PDF Output File

Not MVP (though I won’t complain if it gets done relatively early)
There should be a PDF button on all “key” pages (i.e., Q&A, “Discussion” (if separate from the main Q&A pages, Blog (if we have something of that sort)).

This is a feature which is lacking in many high-profile sites, for no apparent reason other than (perhaps) the desire to never let anyone or any info be accessible except “on the live site”.

It should include the following features:

  • A4 or Letter size. This should definitely be configurable in the User Profile. Default could be either A4 or Letter (I’d prefer Letter because I’m in the US) though figuring it out (for any non-logged in user) from country based on IP would be nice.
  • Small selection of options - e.g.,:
    • Include images
    • Include comments (if we have them)
  • PDF should be formatted sensibly - e.g., don’t just blindly include every little thing on the web page - no need for menu bars, web page footer, edit buttons, etc., but should include a short link ( www.example.com/qa/123456 - i.e., don’t need to include the whole-long-subject-title-in-the-url) for someone who gets the PDF and wants to go the site by manually typing in the link (yes, that will happen).

Something that could be possibly done early is to have some text format output of the relevant content that is clean and without all kinds of menu bars etcetera.

Then the creation of a menu and page that turns this into a PDF becomes just an add on (frontend) feature that requires no change of the site infrastructure.

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PDF in true front-end (Javascript/client side) is nearly impossible. I’ve been waiting for years. The only way, IMHO, is server-side.

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But when you have organised the website such that it can spit out a text file of just the post, then isn’t it a small step to do this (serverside) as some pdf file?

I consider this pdf generation as a front end feature (it is just a different presentation of the same thing/content). When the infrastructure is flexible enough to present the content in easy (machine) readable format then you can turn it into anything, and any presentation (like pdf) can be added to the site as a standalone feature by anybody who likes to build it.


I don’t recall ever wanting this. If I did I suppose I’d download the markdown source and run pandoc on it.

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Correct. I think we had a little confusion about “front end”. I thought that meant “client side (browser)” which does not work. “a different presentation of the same thing/content” is exactly what I mean. But to do this at professional quality is more than just “text” → “PDF”. It includes nice formatting of the results, images, icons, etc. Not a big project, but it can be done “quick and dirty” or it can be done “professional”. Where possible, everything we do here should be professional quality. That is also one reason why I don’t consider this MVP - the extra time it takes to do it right is not something we need to put into the initial product.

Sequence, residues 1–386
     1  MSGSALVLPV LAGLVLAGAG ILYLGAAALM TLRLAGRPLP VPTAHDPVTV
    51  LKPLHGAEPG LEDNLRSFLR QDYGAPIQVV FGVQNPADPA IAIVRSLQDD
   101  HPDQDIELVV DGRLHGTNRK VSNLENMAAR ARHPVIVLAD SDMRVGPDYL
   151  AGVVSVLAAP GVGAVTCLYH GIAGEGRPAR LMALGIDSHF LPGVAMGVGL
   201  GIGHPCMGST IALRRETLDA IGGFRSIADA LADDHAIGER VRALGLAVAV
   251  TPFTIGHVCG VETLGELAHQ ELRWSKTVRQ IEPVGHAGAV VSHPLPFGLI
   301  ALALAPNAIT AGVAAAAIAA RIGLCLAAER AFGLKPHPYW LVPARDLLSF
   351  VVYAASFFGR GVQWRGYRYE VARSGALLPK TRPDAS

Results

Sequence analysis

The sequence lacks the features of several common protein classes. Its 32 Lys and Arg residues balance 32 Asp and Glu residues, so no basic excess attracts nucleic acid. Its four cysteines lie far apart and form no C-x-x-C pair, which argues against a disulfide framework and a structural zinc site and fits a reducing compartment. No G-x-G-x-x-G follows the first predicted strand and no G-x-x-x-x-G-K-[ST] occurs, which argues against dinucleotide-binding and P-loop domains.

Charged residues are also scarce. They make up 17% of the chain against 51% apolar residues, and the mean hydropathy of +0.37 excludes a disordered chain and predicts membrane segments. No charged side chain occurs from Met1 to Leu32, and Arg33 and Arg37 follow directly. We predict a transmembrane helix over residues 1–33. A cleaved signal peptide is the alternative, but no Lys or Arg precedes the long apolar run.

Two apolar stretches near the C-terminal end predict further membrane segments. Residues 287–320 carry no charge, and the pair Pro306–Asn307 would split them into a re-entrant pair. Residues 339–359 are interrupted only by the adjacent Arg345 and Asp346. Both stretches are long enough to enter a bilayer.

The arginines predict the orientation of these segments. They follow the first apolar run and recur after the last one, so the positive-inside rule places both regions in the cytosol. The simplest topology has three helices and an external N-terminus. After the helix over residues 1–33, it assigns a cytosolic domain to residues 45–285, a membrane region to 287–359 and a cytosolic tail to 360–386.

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@gilles You may not have ever wanted this. But there are plenty of times I have wanted it (on this site and many others) - e.g., to provide hard copy (or equivalent, but better than a screen capture) of documentation of something to either someone who needs it literally on paper or to have in a computer file but in a 100% clear/printable format. Trust me, there is a use case for this.

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This client-side PDF library doesn’t seem bad.

That looks like it might work. Or at least, the sample looks good. I’m still not convinced, but better than what I’ve seen in the past.


I can’t recall ever wanting this either.

However, if this is done, the IP aspect needs to be thought out carefully. The resulting document will be disconnected from the site. I don’t know how individual users’ contributions will be licensed, but a copyright notice for each post and the page as a whole might be required.

I am not a lawyer, so just putting this out there to make sure it gets thought about.

The license issue is pretty much the same “everywhere”.

On web views (desktop, mobile, etc.) there needs to be appropriate license information. That might be “minimal but clickable” to save space, especially on mobile. But if it is “minimal but clickable” then on a print view *which anyone can do on any browser, beyond our control", “minimal but clickable” may not really be enough and instead the full license name should be shown (enough that a reasonable person could Google it and get a full explanation of what “CC-BY-SA-4.0” or whatever means).

On PDF views, the full license name should be shown. It could be all at the bottom as a footnote (since PDF gives us full control over layout) or next to each item.